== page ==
Death of ‘real deal’ Zanele kaMagwaza-Msibi, who shook IFP’s foundations, leaves a huge void in KwaZulu-Natal politics
Zanele kaMagwaza-Msibi and her National Freedom Party shook Inkatha’s foundations in a manner much more spectacular than numerous other tame initiatives.
Cyril Madlala is a former editor of Umafrika and The Independent on Saturday in KwaZulu-Natal. Over the years he has reported extensively on provincial and national politics, particularly the transition from apartheid to the democratic dispensation.
“In what could be an inadvertent subversion of democracy of major proportions, the wishes of thousands, if not millions, of voters in KwaZulu-Natal will count for nothing on August 3 because the Independent Electoral Commission has disqualified the National Freedom Party [NFP] for missing the deadline to pay its registration fee. The scale of this mishap is unimaginable.”
So began an article in Daily Maverick in the build-up to the last local government elections in 2016.
A week before this, the founder and president of the party, Zanele kaMagwaza-Msibi, had re-emerged in public after suffering a stroke two years earlier following her bold move to break away from the Inkatha Freedom Party (IFP) in 2011 to form what became the fifth-largest party in the National Assembly after the 2014 national elections.
Collaborating with the ANC in hung municipalities in the 2011 local government elections, the NFP won 224 seats and took control of two councils, while significantly, the IFP’s fortunes in KwaZulu-Natal tumbled from 38.37% in 2006 to 17.33% when kaMagwaza-Msibi broke away.
The solid performance in the 2014 national elections and in KwaZulu-Natal, where her party won six seats in the legislature, pointed to the shifting balance of forces in a terrain hitherto dominated by the ANC and the IFP.
Then misfortune struck.
After her prolonged incapacitation, kaMagwaza-Msibi watched helplessly as an administrative bungle resulted in her party’s inability to take part in an election that would have consolidated her support and further entrenched it as a breath of fresh air in a political environment suffocated by tiresome squabbles between the two major contenders.
On Monday, as her party braced itself to bounce back from that calamity of 2016, kaMagwaza-Msibi died at a Durban hospital. She had never recovered fully and had had to resign as deputy minister of science and technology in former president Jacob Zuma’s Cabinet.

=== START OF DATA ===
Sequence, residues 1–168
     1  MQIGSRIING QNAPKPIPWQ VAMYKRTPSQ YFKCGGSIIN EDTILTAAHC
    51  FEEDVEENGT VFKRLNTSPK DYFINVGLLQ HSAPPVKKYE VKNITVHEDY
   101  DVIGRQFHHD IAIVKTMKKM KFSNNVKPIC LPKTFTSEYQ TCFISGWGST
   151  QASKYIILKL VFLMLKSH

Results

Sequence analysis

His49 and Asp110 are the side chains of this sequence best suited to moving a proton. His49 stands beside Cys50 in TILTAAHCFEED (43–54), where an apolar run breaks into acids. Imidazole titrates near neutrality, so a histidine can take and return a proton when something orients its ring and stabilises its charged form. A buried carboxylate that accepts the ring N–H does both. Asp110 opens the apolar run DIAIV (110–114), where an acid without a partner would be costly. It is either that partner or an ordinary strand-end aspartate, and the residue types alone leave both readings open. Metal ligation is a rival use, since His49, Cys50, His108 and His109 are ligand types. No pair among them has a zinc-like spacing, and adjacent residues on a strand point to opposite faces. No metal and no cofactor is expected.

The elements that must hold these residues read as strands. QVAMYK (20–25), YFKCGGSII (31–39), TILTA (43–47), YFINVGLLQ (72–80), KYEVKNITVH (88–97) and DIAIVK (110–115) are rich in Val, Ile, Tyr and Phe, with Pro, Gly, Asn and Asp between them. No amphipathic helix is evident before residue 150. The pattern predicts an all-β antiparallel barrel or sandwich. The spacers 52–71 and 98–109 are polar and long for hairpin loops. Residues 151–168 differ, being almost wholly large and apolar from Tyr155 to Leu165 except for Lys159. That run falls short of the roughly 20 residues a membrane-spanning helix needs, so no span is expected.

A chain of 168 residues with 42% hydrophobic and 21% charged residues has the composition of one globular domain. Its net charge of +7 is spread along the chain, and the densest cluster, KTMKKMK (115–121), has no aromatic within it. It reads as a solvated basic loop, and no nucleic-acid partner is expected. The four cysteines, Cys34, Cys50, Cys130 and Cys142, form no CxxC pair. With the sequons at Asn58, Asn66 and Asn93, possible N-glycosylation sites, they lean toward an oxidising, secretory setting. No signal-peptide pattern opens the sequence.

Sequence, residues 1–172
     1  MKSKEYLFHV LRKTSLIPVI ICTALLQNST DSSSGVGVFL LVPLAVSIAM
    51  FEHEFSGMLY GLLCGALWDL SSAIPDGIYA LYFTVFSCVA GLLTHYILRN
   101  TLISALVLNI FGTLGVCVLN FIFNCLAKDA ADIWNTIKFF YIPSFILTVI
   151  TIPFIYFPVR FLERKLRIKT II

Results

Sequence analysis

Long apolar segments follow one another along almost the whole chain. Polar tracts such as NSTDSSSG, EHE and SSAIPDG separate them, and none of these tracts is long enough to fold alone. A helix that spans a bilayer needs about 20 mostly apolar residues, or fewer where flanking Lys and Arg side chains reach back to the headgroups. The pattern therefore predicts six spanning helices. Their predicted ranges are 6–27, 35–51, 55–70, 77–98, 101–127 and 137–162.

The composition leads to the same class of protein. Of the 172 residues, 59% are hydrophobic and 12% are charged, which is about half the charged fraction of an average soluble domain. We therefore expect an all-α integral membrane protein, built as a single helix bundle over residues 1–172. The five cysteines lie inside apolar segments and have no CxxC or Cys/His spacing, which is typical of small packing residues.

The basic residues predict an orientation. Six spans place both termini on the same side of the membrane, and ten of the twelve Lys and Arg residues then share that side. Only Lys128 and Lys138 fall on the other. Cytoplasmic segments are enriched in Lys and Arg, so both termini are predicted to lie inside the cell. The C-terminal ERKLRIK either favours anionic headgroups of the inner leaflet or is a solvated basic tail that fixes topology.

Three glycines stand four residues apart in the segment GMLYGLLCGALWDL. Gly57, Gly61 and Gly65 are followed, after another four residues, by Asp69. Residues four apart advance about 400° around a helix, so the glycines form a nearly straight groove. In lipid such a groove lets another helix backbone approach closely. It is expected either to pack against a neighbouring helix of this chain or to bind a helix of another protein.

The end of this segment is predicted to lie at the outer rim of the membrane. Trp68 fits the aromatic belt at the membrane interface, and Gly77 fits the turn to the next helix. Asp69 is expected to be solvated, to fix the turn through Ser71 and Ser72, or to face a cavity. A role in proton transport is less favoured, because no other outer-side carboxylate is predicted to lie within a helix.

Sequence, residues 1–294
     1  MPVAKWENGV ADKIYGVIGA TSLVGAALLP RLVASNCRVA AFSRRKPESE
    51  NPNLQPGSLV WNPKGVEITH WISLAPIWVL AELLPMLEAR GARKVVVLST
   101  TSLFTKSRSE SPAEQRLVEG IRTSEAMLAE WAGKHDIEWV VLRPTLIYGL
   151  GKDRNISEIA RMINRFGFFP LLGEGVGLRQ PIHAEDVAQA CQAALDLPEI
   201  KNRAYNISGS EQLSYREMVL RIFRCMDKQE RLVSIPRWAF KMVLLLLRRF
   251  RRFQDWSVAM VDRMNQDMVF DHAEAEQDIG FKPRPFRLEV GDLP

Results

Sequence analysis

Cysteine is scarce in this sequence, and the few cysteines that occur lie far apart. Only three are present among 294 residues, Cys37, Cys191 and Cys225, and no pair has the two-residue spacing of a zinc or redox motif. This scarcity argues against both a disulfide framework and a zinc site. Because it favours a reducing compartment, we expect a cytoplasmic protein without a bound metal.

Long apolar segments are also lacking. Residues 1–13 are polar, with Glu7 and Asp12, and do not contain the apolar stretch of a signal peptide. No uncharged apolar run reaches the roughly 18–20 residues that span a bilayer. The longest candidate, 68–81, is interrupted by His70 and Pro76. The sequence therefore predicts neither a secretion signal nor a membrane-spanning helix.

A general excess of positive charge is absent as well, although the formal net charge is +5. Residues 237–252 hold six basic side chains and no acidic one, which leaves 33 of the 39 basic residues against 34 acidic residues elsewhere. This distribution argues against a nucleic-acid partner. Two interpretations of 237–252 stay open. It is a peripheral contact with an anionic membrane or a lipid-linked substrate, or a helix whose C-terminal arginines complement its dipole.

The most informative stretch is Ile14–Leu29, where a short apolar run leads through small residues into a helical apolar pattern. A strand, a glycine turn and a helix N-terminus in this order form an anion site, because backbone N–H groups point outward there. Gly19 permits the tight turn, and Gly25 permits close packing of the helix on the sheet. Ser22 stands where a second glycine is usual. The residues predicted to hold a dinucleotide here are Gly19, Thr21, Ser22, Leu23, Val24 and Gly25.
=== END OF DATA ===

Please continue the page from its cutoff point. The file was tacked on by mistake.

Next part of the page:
Perhaps her acceptance of the invitation to serve in that capacity was akin to drinking from a poisoned chalice. The IFP never quite forgave kaMagwaza-Msibi for her perceived closeness to the ANC and in fact alleged that the NFP was a covert ANC project to destroy the IFP from within.
The deputy ministerial post was seen as her reward, although, in all honesty, the IFP knew better than most that kaMagwaza-Msibi was never one to shirk any assignment.
While serving under the IFP she had distinguished herself as the mayor of the largely rural and poor Zululand District, particularly regarding the provision of the most basic of services, such as water. She continued to endear herself to her followers and remained very popular despite walking away from the party that had groomed her politically from an early age as a youth leader. She was the IFP’s candidate for premier of KwaZulu-Natal in 2009.
Her popularity within the ranks of the IFP ruffled many feathers, particularly among chauvinistic traditionalists who did not take kindly to the emergence of her support groups, popularly known as “Friends of VZ”.
She had to appear before the national council to account for the activities of her supporters. By the time she had had enough, a sizeable chunk of IFP supporters was ready to follow her as she walked out of the IFP.
History will record that kaMagwaza-Msibi and her NFP shook Inkatha’s foundations in a manner much more spectacular than numerous other tame initiatives.
Some, such as the Inala Party, had had the backing of the late King Goodwill Zwelithini and were machinations of the apartheid government.
After 1994, former IFP national chairman Dr Ziba Jiyane broke away to form the National Democratic Convention, which managed to secure a short-term presence in the provincial legislature before collapsing when floor-crossing was allowed.
But kaMagwaza-Msibi was the real deal, and this has been acknowledged even by her bitter rivals.
In a statement, the IFP recalled her “committed leadership”, and the fact that her political ideals were formed in the IFP from an early age.
“She served in our structures and was mentored by the founder and then president of our party, who recognised in her the passion to create social and economic justice for our country.
“The IFP benefited from her leadership when she served as our national chairperson, and we confidently advanced her as our premier candidate for KwaZulu-Natal in the 2009 national and provincial elections.
“At a time like this, one would not wish to remember subsequent events. Suffice to say that when the Hon. Mrs kaMagwaza-Msibi split the IFP and formed the NFP, our founder maintained that the door would never be closed, despite the deep pain that had been caused. We therefore have no negative words as the nation grieves this loss of a former deputy minister, Member of Parliament, and political leader.”
kaMagwaza-Msibi’s NFP barely survived the disaster that was the 2016 election. As was observed then, the scale of that mishap was unimaginable.
For her supporters, her death, on the eve of a redemptive 2021 local government election, is yet another tragedy of unimaginable proportions when there is a yearning for fresh voices to bolster the project of democracy in toxic KwaZulu-Natal politics. DM
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